If you've ever had a tooth ache, you can probably to the pain this can cause, but did you know that dogs can also have toothaches? Dogs can get toothaches for a number of reasons, and you will need to know what to watch for in order to know if your dog has tooth problems. Here are three things you should realize about dogs and the dental problems they can have.
What Dental Problems Can Dogs Have?
One of the most common dental problems dogs have is gum disease. Gum disease in dogs generally forms from plaque that remains on the teeth for a long period of time. Because dogs do not brush their teeth daily, they have a high chance of developing gum disease.
Dogs can also experience decay on their teeth, and decay also forms from plaque. Gum disease and cavities can lead to tooth sensitivity, receding gums, and tooth pain.
While it can be hard to know if your dog is suffering from dental problems, there are signs that can alert you to take action.
What Signs Should You Watch For?
As a dog owner, you probably know your dog better than anyone else. Because of this, you might be able to sense a problem if the dog starts acting abnormally. Any type of personality change in a dog can reveal an issue, but when the problems are teeth-related, you may notice some or all of these things:
- It is not interested in eating – If the dog's teeth hurt or feel sensitive, it may no longer eat its food. It may eat soft foods, but it may not want its hard, crunchy dog food.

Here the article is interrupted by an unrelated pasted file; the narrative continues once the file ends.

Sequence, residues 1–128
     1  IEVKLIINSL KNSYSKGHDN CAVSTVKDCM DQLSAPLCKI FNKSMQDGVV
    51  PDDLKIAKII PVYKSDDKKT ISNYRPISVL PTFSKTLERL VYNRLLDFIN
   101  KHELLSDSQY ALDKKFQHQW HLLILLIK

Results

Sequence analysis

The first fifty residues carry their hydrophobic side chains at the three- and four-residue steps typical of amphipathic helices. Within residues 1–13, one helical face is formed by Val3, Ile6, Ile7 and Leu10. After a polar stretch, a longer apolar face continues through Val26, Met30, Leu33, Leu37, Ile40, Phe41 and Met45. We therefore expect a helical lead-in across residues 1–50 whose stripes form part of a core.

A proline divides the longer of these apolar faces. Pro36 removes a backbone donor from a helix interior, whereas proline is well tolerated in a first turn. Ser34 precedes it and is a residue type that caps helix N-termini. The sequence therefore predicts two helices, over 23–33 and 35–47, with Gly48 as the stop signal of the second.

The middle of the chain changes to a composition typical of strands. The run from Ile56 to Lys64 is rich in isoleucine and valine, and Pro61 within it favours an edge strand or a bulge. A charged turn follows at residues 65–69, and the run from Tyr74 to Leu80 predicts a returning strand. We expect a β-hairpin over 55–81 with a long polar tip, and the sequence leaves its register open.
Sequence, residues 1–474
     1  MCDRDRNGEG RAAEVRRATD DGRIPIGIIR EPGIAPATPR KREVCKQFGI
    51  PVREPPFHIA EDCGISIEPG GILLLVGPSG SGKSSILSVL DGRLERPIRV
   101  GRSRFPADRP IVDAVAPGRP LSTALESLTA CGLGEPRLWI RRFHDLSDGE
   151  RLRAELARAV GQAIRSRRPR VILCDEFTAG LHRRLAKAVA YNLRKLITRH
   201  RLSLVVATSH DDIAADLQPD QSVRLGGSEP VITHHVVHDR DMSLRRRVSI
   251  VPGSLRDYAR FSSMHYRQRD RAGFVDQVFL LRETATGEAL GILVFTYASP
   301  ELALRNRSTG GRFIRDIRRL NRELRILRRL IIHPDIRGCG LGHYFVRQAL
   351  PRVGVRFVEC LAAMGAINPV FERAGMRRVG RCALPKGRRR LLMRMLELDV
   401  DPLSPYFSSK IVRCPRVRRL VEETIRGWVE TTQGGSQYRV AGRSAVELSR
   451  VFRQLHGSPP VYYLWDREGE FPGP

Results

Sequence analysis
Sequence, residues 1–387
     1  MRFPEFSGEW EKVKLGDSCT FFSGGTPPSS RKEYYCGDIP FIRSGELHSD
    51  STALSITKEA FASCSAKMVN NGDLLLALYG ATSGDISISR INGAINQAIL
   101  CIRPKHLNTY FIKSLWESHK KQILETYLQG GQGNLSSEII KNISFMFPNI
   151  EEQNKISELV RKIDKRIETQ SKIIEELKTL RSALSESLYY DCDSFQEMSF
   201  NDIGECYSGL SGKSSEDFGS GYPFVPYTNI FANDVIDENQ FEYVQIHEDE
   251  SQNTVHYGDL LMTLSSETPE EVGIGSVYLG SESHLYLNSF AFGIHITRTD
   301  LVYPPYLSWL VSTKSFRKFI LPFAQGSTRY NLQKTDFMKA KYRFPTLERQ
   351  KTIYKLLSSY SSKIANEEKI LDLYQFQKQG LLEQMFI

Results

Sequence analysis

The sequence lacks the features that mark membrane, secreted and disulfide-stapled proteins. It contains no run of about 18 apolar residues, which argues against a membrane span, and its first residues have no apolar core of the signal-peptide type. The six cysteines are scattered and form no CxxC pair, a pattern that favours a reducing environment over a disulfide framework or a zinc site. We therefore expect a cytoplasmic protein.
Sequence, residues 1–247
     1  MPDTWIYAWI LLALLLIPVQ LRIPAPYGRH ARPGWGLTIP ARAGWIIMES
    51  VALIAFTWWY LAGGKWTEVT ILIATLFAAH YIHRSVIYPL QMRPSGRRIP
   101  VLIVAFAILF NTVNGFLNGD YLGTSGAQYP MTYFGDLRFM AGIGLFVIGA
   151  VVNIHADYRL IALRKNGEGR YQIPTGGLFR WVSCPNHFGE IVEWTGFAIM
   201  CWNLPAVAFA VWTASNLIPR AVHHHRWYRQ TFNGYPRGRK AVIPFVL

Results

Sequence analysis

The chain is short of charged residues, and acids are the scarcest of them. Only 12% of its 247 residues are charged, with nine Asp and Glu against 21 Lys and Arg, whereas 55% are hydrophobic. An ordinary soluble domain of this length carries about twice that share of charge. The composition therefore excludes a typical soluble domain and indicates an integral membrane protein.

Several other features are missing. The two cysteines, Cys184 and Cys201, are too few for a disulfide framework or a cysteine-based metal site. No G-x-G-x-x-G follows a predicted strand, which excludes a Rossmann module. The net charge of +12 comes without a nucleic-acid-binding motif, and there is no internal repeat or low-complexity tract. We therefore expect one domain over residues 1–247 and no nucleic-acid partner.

- Blood coming from mouth – If you see any blood coming from the dog's mouth, it could indicate a tooth problem, including gum disease.
- Acting in different ways – If your dog does not want you to pet its head, or if it is acting tired or strange, it could indicate a dental problem.
- Bad breath – Another sign that your dog has dental problems is chronic bad breath.
If your dog is doing any of these things, you may want to open its mouth and take a look at its teeth. While the teeth of dogs look different than human teeth, you can still spot problems. As you examine its mouth, look to see if its gums are receding, red, or bloody. You can also look for signs of decay on the teeth. If anything looks abnormal, take your dog to the vet as soon as possible.
What Can Vets Do For Dental Problems?
When you take your dog to the vet for a dental problem, the vet will begin by examining its teeth. A visual examination is typically enough to tell whether there is a dental problem or not. From there, the vet will determine how to treat the problem.
If the problem is decay on its teeth, the vet may recommend extracting the infected teeth. This is only done when it is absolutely necessary, and it is done because vets typically do not put fillings in dogs' teeth.
If the vet diagnoses the problem as gum disease, he or she will determine how severe the condition is. This will determine how it is treated. For minor cases of gum disease, vets may treat the problem by performing teeth cleaning on the dog. For major cases of gum disease, a vet may want to perform a bone replacement procedure or another type of surgical treatment option.
Dogs cannot talk, but they can act in unusual ways. If your dog is acting unusual and you suspect it might be due to a tooth problem, contact an emergency vet clinic as soon as you can to find out what you should do.